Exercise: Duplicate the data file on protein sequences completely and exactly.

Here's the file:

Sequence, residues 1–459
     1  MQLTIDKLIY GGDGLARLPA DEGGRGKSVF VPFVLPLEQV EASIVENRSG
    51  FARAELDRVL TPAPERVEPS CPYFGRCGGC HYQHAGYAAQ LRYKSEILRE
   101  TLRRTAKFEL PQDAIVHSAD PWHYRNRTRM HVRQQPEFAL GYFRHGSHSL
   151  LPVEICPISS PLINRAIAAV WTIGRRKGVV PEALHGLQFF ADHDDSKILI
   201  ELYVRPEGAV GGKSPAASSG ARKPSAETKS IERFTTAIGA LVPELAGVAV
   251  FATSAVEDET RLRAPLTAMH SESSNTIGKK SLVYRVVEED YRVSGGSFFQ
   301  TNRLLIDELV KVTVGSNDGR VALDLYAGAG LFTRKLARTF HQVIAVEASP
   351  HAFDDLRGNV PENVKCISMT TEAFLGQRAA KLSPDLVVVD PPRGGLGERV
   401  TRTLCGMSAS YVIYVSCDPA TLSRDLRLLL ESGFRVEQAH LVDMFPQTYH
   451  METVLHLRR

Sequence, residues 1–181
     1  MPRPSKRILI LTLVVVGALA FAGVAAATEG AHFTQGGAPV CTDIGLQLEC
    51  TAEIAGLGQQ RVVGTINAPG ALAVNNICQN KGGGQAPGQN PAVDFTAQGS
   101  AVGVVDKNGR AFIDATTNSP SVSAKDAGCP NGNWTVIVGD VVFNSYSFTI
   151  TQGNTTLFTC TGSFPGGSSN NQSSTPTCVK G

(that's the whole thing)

Sequence, residues 1–459
     1  MQLTIDKLIY GGDGLARLPA DEGGRGKSVF VPFVLPLEQV EASIVENRSG
    51  FARAELDRVL TPAPERVEPS CPYFGRCGGC HYQHAGYAAQ LRYKSEILRE
   101  TLRRTAKFEL PQDAIVHSAD PWHYRNRTRM HVRQQPEFAL GYFRHGSHSL
   151  LPVEICPISS PLINRAIAAV WTIGRRKGVV PEALHGLQFF ADHDDSKILI
   201  ELYVRPEGAV GGKSPAASSG ARKPSAETKS IERFTTAIGA LVPELAGVAV
   251  FATSAVEDET RLRAPLTAMH SESSNTIGKK SLVYRVVEED YRVSGGSFFQ
   301  TNRLLIDELV KVTVGSNDGR VALDLYAGAG LFTRKLARTF HQVIAVEASP
   351  HAFDDLRGNV PENVKCISMT TEAFLGQRAA KLSPDLVVVD PPRGGLGERV
   401  TRTLCGMSAS YVIYVSCDPA TLSRDLRLLL ESGFRVEQAH LVDMFPQTYH
   451  METVLHLRR

Sequence, residues 1–181
     1  MPRPSKRILI LTLVVVGALA FAGVAAATEG AHFTQGGAPV CTDIGLQLEC
    51  TAEIAGLGQQ RVVGTINAPG ALAVNNICQN KGGGQAPGQN PAVDFTAQGS
   101  AVGVVDKNGR AFIDATTNSP SVSAKDAGCP NGNWTVIVGD VVFNSYSFTI
   151  TQGNTTLFTC TGSFPGGSSN NQSSTPTCVK G